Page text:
Tag Archives | Austin Kleon

8 Different Creative Practices


Californie_angel_california_82523_hSince I haven't been able to write blog posts this week, I've been spending more time on my other writing—like my beloved novel and short stories.   And this, in turn, has made me think more about the value of establishing good creative practices.  And recently, I've come across some different kinds of practices I thought you might be interested in.   Here are my suggestions:

Write 1K Words a Day. Yeah, I know this is not necessarily anything new. But a consistent writing practice is the basis of everything else you do. I see you picking up things to throw at me. This is far and away the hardest practice to establish—and the most rewarding. It makes you feel like a writer, it piles up the pages of a project, it keeps your WIP in your brain all the time. If 1,000 words seems a bit much, start smaller—start with 10 if that's what works for you! But do try it.

Create a Log Book. I recently read Austin Kleon's book, Steal Like an Artist, and because he told me to, I'm stealing this idea. Anyway, I love it and have started doing it myself. Rather than worry about a journal entry, just do a list of things that happened each day. (He includes cute drawings, but I'm not much of an artist so I don't.) As he explains, its important to be able to look back at where you've been and what you've accomplished—and it's a lot of fun. Try making this your first-thing-in-the-morning-practice, and list the events of the day before.

Use a Bullet Journal. This little baby has been life changing for me. No, I'm not exaggerating. It corrals all my thoughts, ideas, plans, and to-dos all in one place in a way that makes sense and so that I can access them easily. It's an analog journal you create yourself—and you can find out everything you need to know to make one here.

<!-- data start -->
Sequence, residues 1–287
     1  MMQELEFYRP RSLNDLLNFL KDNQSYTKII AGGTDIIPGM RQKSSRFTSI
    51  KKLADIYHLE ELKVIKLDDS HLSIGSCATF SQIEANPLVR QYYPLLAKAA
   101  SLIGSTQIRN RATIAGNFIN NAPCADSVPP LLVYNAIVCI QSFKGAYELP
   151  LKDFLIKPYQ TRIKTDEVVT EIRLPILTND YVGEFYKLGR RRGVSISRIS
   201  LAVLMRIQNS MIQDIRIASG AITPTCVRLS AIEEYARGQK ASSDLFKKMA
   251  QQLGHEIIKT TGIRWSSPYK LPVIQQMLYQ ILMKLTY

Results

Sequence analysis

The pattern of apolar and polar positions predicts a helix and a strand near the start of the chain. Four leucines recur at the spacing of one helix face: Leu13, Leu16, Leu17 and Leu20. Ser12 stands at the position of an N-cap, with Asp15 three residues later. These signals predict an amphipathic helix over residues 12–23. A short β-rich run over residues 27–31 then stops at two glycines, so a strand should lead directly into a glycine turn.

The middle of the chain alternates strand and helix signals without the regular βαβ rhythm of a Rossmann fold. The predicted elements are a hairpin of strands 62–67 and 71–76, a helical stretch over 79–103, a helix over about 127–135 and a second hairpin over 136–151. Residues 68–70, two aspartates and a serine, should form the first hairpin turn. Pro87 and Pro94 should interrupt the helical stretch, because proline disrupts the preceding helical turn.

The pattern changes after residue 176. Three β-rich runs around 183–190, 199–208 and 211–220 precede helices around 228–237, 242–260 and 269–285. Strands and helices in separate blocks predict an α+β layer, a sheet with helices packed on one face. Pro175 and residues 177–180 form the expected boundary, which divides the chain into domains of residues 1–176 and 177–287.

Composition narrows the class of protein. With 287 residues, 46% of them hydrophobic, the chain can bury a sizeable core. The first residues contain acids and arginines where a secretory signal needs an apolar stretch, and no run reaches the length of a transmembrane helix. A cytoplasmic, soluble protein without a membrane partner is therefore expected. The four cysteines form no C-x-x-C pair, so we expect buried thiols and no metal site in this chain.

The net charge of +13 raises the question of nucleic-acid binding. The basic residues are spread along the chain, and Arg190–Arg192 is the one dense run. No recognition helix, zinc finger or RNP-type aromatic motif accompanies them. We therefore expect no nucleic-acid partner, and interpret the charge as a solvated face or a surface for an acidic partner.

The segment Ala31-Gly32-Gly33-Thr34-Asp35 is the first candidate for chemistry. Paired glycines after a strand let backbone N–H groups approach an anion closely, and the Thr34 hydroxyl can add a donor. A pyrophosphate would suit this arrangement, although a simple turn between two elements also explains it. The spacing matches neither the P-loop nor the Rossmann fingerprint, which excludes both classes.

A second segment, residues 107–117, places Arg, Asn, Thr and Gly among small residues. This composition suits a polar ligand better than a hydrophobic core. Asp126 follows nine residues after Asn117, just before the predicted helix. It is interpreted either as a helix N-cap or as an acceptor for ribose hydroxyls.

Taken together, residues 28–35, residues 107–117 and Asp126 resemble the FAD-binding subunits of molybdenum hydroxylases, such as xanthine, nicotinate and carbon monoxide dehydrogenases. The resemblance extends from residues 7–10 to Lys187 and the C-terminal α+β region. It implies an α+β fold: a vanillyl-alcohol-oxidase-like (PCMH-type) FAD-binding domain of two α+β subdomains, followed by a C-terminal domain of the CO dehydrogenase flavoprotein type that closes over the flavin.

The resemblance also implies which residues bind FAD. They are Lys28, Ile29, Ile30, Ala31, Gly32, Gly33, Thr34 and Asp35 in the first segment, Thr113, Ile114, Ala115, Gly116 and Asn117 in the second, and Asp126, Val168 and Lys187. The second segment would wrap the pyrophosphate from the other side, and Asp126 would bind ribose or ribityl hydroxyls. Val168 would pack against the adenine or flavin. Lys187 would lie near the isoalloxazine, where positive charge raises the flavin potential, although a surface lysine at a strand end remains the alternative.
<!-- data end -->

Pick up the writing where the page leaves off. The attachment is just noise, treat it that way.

Doodle a Day. I'm an inveterate doodler. In meetings, on the phone, chatting with friends, it's likely I have a pen in hand and am using it to make spirals and other shapes on the page. I know it helps me focus, but I've always felt vaguely guilty about it. And then I read in Kleon's book that doodling is a good thing. Why? Because its part of the process of getting your work out into the world. So try creating a more intentional doodle to loosen yourself up before you start writing.

Be Happy. Yes, you can make the decision to be happy rather than full of angst. And, no, you don't have to be tortured to be an artist. It's a damaging myth that you have to unhappy to write. Quite the opposite is true actually. Because if you're upset about something, isn't it nearly impossible to focus on your writing? So, yeah, make it a creative practice to be happy.

Be Boring. I stole this one from Kleon's book, too. And I've often thought the same thing about my life—when I'm writing regularly I'm happy as I can be, but I'm also boring. People ask me what's going on and I answer, "I wrote 1,000 words every day this week." Um, not so fascinating. But fantastic for productivity. I'm much more interesting when things are falling apart—and much less productive.

Fall in Love. When I'm writing regularly, I'm in love with my writing and I'm in love with my life, too—even when it is boring. And I've learned that it is entirely possible to fall in love with my writing even when I think I'm not. Hint: one way this happens is when you commit to working on it regularly. You how when you're in love with someone you want to see them all the time? Same thing with writing. So cultivate an attitude of love for your writing and it will lead to more writing.

Keep it Simple. I was reading a novel awhile ago and I realized what a simple story it was. I liked the story a lot—and this was when I learned that a story doesn't have to be complicated to be good. Just like life. Keep it simple.

And yeah, if you thought you detected a theme here, you would be correct—and that would be a theme of simplicity. The older I get, the more I realize that we humans like to complicate things, just because we can. So look for ways to simplify wherever you can—it will improve your writing. 

Do you have a regular creative practice that you cultivate?  Please share!  

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